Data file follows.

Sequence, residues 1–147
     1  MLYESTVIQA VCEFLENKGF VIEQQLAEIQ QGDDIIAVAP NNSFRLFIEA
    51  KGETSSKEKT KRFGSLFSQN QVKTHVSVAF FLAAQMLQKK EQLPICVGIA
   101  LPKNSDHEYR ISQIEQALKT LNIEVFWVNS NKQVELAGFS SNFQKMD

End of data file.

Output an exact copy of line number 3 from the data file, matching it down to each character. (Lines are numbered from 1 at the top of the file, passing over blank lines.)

    51  KGETSSKEKT KRFGSLFSQN QVKTHVSVAF FLAAQMLQKK EQLPICVGIA